The U.S. Supreme Court agreed last week to hear San Francisco’s appeal of a ruling allowing a mentally ill, knife-wielding woman to sue police for shooting her, a case that could set standards for police treatment of people with disabilities.

The Ninth U.S. Circuit Court of Appeals in San Francisco ruled in February that a jury ought to decide whether two officers should have waited for backup rather than charging into Teresa Sheehan’s room and shooting her when she lunged at them. The 2-1 ruling reinstated Sheehan’s damage suit, which a federal judge had dismissed.

The nation’s high court granted review of the case last Tuesday and will schedule a hearing for a ruling due by the end of June.

The central issue is how the Americans with Disabilities Act, which requires government agencies to make reasonable accommodations for those with disabilities, applies to police conduct toward a person with mental illness who may be violent.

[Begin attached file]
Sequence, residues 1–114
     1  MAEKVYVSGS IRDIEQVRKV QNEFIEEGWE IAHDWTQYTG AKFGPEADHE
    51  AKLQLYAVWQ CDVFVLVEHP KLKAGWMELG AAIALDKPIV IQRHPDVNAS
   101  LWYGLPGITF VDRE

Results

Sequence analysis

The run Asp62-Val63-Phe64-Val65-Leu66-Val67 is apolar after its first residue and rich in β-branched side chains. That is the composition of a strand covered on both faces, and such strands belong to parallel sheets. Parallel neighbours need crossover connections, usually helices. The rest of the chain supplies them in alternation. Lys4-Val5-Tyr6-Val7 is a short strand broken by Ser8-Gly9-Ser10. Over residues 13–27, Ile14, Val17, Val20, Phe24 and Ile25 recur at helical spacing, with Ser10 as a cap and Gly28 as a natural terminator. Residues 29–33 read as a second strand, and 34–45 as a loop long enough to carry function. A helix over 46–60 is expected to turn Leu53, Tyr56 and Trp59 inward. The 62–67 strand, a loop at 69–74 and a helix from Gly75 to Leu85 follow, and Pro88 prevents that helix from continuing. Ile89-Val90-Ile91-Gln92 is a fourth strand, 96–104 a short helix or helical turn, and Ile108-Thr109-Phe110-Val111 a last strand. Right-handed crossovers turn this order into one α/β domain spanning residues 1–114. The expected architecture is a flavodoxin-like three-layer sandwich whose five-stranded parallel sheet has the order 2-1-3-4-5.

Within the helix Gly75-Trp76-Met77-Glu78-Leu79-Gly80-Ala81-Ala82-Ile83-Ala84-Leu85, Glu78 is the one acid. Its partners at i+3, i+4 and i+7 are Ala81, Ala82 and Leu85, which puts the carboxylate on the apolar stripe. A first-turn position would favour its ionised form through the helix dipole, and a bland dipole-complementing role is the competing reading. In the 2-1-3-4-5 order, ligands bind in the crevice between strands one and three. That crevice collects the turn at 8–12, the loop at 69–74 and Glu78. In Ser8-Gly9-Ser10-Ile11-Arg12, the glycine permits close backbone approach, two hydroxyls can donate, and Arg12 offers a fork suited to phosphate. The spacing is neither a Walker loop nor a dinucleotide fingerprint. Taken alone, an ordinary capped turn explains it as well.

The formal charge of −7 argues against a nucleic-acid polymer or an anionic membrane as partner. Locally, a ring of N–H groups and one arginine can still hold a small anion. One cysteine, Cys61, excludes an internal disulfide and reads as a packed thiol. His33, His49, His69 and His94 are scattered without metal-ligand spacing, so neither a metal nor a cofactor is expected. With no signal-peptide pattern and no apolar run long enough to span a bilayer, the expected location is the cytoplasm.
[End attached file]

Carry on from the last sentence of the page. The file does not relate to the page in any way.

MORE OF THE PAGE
“Police officers deserve clarity concerning their obligations under federal law, and public safety demands it,” San Francisco City Attorney Dennis Herrera, whose office represents the officers, said. “We hope the high court reverses the Ninth Circuit’s mistaken decision and restores reasonableness to this area of the law.”

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Disability.gov: Presidential Proclamation on the 24th Anniversary of the Americans with Disabilities Act

Read President Obama’s proclamation celebrating the 24th anniversary of the Americans with Disabilities Act (ADA).

The ADA provides civil rights protections for Americans with disabilities so they have equal access to participate in the classroom, workplace and in their communities. For more information about the ADA, visit ADA.gov or read “10 Things You May Not Know about the ADA.

Visit Presidential Proclamation on the 24th Anniversary of the Americans with Disabilities Act